THE IDIOM CONNECTION
- a person who can do many thingsWe gave the man a job because we needed a jack-of-all-trades to look after the building repairs.
jack up (something) or jack (something) up
- to raise prices, to raise something with a lifting deviceThe gas station jacked up their gas prices during the storm.
We jacked up the car so that we could change the tire.
jam on the brakes
- to quickly put the brakes on to stop a car or truck etc.I jammed on the brakes to avoid hitting the child.
- crowded, fullThe train this morning was jam-packed with people.
jazz up (something)
- to brighten up something, to add more noise or movement or color to somethingThey jazzed up the community center for the party last night.
Jekyll and Hyde
- someone with both an evil and a good personalityMy co-worker is like Jekyll and Hyde. One minute he is very friendly but the next minute he is angry.
- to be tired because you have travelled a long distance in an airplane and have crossed many time zones so your body cannot adjustI had jet lag for several days after my long trip.
jockey for position
- to try to push one's way into an advantageous positionSeveral of the salesmen began to jockey for position when they learned that the director of sales was leaving.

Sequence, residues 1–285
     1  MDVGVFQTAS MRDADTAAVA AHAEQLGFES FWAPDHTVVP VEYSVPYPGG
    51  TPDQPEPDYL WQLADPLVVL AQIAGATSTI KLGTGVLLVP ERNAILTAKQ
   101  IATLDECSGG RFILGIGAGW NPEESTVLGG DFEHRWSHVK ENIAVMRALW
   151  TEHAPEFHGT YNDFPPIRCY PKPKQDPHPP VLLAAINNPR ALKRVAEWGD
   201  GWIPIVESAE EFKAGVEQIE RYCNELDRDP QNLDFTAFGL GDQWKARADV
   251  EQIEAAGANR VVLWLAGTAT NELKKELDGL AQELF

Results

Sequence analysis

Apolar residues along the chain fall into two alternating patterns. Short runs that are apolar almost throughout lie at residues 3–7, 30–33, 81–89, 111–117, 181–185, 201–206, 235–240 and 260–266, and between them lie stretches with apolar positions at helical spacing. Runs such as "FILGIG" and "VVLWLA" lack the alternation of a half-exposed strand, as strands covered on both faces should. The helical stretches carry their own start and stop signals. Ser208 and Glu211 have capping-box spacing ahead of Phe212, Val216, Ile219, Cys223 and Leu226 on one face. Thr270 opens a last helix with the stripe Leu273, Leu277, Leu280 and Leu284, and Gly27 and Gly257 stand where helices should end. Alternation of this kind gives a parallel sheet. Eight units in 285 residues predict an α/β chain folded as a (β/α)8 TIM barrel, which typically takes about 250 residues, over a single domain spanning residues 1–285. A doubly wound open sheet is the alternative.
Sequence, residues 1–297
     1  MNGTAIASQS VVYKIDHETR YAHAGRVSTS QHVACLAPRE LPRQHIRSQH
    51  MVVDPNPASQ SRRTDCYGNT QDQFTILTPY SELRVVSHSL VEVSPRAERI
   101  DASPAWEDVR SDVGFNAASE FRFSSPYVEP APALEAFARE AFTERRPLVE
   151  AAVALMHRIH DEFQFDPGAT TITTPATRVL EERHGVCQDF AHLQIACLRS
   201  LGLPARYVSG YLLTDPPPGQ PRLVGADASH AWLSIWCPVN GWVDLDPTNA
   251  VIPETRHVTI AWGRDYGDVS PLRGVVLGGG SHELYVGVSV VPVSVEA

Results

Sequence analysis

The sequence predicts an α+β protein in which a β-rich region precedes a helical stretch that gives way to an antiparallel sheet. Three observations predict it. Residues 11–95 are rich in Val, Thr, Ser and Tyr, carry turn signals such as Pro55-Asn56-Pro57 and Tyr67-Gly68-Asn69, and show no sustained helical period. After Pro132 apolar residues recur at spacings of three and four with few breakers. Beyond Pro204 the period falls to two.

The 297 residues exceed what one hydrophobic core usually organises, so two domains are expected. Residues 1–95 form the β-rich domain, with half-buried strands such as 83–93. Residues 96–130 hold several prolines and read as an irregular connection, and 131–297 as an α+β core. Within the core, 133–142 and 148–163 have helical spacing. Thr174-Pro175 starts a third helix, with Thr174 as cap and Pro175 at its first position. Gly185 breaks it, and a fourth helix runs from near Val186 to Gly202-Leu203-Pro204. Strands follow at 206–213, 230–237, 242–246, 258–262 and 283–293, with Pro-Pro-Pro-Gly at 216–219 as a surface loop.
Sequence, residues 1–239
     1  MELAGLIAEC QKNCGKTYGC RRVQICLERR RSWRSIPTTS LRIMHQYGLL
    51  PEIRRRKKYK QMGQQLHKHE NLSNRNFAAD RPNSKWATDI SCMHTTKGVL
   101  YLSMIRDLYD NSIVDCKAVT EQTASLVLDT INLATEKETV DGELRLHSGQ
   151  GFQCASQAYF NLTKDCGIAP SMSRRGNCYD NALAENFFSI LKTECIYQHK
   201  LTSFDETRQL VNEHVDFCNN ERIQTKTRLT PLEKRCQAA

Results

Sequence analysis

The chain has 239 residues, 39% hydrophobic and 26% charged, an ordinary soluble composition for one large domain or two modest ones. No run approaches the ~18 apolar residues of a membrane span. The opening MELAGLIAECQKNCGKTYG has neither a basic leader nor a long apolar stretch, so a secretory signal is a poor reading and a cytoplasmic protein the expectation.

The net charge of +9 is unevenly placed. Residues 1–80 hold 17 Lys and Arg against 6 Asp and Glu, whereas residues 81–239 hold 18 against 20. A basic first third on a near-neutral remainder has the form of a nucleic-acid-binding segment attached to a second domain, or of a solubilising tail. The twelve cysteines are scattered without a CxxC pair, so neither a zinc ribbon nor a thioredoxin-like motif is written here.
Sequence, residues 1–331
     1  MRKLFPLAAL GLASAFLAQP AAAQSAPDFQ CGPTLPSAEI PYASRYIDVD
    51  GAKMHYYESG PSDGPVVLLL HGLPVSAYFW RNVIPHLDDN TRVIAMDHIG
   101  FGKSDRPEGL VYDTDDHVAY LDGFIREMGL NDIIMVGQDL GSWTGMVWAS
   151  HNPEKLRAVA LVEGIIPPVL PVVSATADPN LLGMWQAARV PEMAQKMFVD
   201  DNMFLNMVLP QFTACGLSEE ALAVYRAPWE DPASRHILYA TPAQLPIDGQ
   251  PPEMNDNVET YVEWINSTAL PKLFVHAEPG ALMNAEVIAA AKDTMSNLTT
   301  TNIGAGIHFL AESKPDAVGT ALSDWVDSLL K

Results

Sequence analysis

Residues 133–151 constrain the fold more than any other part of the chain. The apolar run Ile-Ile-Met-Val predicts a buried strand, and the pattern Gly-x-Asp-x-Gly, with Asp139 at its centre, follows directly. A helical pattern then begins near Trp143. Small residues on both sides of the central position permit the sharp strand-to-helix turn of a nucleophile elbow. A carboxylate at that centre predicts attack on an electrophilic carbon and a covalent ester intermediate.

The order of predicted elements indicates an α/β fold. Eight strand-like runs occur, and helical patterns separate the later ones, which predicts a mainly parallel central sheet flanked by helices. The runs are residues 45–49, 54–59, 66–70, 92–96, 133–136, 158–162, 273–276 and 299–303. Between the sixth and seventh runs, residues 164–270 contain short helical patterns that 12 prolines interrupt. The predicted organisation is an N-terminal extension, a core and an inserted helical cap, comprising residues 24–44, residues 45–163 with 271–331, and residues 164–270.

jog (someone's) memory
- to stimulate someone's memory to recall somethingThe questions that the police officer asked helped to jog the man's memory.
- a name used for an unknown or average personThe application form uses the name "John Doe" as the name of a person who is applying for something.
- one's signatureI wrote down my John Hancock and bought the car.
- one's signature"Please sign your John Henry here and we will process your order immediately."
- a new-comerThe man is a Johnny-come-lately and does not really know what he is talking about.
- someone who is at the right place when needed or is right on timeThe caretaker is always Johnny-on-the-spot. Just when we need him he arrives.
join forces (with someone)
- to unite or join with someoneThe two high schools joined forces to try and raise money for the city library.
- to hold hands with other peopleEverybody in the group joined hands at the end of the meeting.
Join the club!
- an expression used when another person is in the same situation (usually bad) as the speaker"Join the club. None of us have enough money to go on a holiday."
join the fray
- to join a fight or argumentI did not want to join the fray and argue with the other members of the group.
jolt to a stop
- to stop moving suddenly which causes a joltThe train jolted to a stop when the engineer put the brakes on.
joker in the pack
- someone or something that is likely to change a situation in an unexpected way (the joker is one of the cards in a deck of cards that can be used as any card that you want in some games)The small company was almost bankrupt. However, their new product was the joker in the pack that could save their business.
jot (something) down or jot down (something)
- to write something down quicklyI usually jot down telephone numbers in my notebook.
judge (someone or something) on its own merits
- to judge or evaluate someone or something on its own good points and achievementsOur company always judges each employee on his or her own merits.
judging by (something)